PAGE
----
b. organising and using relatively large amounts of information;
      c. an analysis of a scholarly debate;
      d. placing the research within the context of a scholarly debate.
    1. write a problem solving essay and give an oral presentation after the format defined in the Themacolleges, including
      a. using a realistic schedule of work;
      b. formulating a research question and subquestions;
      c. formulating a well-argued conclusion;
      d. giving and receiving feedback;
      e. responding to instructions of the lecturer.
    1. reflect on the primary sources on which the literature is based.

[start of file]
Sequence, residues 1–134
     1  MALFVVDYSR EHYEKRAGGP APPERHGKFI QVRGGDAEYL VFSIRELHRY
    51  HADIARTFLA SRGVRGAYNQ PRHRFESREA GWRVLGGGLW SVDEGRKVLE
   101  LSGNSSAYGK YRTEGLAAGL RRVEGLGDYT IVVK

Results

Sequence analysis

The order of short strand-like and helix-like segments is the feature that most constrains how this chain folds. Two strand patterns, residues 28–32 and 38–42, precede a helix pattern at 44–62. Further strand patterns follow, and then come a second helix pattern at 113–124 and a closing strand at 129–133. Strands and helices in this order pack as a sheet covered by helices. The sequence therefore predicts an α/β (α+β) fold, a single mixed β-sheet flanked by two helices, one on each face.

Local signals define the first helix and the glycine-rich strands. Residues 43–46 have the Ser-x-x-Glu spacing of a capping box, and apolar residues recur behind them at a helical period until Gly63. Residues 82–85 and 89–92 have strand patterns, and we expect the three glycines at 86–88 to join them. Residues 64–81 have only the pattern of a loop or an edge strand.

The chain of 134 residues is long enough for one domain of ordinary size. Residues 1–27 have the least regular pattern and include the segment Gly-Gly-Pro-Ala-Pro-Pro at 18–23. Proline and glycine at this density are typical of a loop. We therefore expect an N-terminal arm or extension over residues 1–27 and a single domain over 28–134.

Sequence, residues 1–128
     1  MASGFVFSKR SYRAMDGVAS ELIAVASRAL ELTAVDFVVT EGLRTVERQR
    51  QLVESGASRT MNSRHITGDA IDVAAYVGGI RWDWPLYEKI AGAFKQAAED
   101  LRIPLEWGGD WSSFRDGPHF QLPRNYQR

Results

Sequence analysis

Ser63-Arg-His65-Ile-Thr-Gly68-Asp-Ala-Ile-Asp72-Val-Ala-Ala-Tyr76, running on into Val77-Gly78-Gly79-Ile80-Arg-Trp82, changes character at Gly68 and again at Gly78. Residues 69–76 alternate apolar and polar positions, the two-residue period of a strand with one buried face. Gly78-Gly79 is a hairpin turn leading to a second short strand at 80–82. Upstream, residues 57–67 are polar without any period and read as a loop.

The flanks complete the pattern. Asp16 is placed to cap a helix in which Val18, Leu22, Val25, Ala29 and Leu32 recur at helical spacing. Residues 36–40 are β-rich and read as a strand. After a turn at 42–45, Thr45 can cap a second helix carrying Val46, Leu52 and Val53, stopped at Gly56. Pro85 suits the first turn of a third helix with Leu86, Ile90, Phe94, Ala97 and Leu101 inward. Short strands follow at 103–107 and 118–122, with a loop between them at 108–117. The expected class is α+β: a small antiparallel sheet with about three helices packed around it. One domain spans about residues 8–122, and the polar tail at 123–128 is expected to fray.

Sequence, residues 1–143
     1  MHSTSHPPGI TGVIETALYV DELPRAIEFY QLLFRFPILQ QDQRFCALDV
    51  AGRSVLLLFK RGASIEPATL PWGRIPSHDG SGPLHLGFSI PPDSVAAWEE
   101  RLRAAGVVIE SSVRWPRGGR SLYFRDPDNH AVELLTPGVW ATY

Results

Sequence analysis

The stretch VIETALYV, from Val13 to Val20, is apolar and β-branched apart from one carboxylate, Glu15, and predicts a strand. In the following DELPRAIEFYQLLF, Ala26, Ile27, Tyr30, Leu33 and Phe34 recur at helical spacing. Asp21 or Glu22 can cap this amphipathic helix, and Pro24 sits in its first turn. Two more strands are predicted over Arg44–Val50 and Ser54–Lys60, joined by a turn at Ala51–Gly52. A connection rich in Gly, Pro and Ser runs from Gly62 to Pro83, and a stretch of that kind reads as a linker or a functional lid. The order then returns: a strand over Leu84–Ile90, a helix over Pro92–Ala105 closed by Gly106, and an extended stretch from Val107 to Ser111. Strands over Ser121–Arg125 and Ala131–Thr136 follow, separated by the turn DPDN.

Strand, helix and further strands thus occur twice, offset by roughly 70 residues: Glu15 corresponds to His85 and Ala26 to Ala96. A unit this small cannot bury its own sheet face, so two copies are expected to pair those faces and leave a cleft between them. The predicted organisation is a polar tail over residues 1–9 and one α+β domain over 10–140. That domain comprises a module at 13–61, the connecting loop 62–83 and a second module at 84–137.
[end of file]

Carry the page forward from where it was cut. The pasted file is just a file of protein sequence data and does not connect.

1. select and use primary sources for their own research.
    1. analyse sources, place and interpret them in a historical context.
    1. participate in class discussions.

Learning objectives, pertaining to the specialisation

    1. The student has knowledge of the specialization General History, more specifically of the place of European history from 1500 in a worldwide perspective; with a focus on the development and role of political institutions;
    1. Knowledge and insight in the main concepts, the research methods and techniques of the specialization General History, more specifically the study of primary sources and the context specificity of nationally defined histories;

Learning objectives, pertaining to this specific seminar
The student has acquired:

    1. Knowledge about some of the most important migratory movements to German-speaking countries in the 20th century;
    1. Insight into some of the approaches and concepts put forward by a historiography of migration;